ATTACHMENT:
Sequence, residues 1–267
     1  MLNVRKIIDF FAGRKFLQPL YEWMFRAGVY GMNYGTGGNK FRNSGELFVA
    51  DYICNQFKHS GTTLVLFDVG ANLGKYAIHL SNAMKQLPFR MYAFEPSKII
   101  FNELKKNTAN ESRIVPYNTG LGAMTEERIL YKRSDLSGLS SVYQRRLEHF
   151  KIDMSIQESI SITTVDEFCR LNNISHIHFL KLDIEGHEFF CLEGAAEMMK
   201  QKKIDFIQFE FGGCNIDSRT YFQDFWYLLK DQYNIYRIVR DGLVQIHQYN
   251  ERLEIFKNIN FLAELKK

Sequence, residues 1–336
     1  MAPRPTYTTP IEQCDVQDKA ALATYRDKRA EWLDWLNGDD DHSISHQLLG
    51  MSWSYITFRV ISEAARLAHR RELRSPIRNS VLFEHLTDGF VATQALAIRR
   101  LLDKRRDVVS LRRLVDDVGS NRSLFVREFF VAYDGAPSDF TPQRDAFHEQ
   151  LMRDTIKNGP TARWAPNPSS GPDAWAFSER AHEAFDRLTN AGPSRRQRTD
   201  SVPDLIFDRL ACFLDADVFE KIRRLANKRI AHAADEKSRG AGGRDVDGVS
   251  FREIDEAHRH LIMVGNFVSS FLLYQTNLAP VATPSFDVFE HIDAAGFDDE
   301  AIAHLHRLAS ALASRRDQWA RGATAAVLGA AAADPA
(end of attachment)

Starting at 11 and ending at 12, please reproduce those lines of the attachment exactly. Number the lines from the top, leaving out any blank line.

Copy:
   101  LLDKRRDVVS LRRLVDDVGS NRSLFVREFF VAYDGAPSDF TPQRDAFHEQ
   151  LMRDTIKNGP TARWAPNPSS GPDAWAFSER AHEAFDRLTN AGPSRRQRTD